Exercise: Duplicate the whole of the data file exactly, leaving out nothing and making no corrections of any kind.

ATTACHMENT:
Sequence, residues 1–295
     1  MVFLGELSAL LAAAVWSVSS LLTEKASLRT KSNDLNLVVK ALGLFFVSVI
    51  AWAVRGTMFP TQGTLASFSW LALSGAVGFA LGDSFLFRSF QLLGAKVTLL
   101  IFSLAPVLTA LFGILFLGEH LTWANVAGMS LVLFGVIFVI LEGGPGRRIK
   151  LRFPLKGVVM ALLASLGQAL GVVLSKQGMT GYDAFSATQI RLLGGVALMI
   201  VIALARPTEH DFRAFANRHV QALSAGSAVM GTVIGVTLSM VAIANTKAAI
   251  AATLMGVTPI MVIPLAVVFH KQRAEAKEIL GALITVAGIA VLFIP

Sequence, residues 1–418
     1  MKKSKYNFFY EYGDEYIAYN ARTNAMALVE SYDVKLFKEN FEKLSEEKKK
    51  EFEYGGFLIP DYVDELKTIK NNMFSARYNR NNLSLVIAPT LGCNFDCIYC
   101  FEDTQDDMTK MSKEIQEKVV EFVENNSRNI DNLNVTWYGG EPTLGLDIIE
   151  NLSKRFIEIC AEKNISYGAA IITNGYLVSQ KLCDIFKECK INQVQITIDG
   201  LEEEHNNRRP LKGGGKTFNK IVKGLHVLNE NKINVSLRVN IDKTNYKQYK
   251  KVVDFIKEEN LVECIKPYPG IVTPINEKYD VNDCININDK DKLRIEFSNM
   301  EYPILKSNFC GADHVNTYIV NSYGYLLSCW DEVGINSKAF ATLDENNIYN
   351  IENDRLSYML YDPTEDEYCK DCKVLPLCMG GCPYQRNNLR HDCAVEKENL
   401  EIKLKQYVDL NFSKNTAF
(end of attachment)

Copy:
Sequence, residues 1–295
     1  MVFLGELSAL LAAAVWSVSS LLTEKASLRT KSNDLNLVVK ALGLFFVSVI
    51  AWAVRGTMFP TQGTLASFSW LALSGAVGFA LGDSFLFRSF QLLGAKVTLL
   101  IFSLAPVLTA LFGILFLGEH LTWANVAGMS LVLFGVIFVI LEGGPGRRIK
   151  LRFPLKGVVM ALLASLGQAL GVVLSKQGMT GYDAFSATQI RLLGGVALMI
   201  VIALARPTEH DFRAFANRHV QALSAGSAVM GTVIGVTLSM VAIANTKAAI
   251  AATLMGVTPI MVIPLAVVFH KQRAEAKEIL GALITVAGIA VLFIP

Sequence, residues 1–418
     1  MKKSKYNFFY EYGDEYIAYN ARTNAMALVE SYDVKLFKEN FEKLSEEKKK
    51  EFEYGGFLIP DYVDELKTIK NNMFSARYNR NNLSLVIAPT LGCNFDCIYC
   101  FEDTQDDMTK MSKEIQEKVV EFVENNSRNI DNLNVTWYGG EPTLGLDIIE
   151  NLSKRFIEIC AEKNISYGAA IITNGYLVSQ KLCDIFKECK INQVQITIDG
   201  LEEEHNNRRP LKGGGKTFNK IVKGLHVLNE NKINVSLRVN IDKTNYKQYK
   251  KVVDFIKEEN LVECIKPYPG IVTPINEKYD VNDCININDK DKLRIEFSNM
   301  EYPILKSNFC GADHVNTYIV NSYGYLLSCW DEVGINSKAF ATLDENNIYN
   351  IENDRLSYML YDPTEDEYCK DCKVLPLCMG GCPYQRNNLR HDCAVEKENL
   401  EIKLKQYVDL NFSKNTAF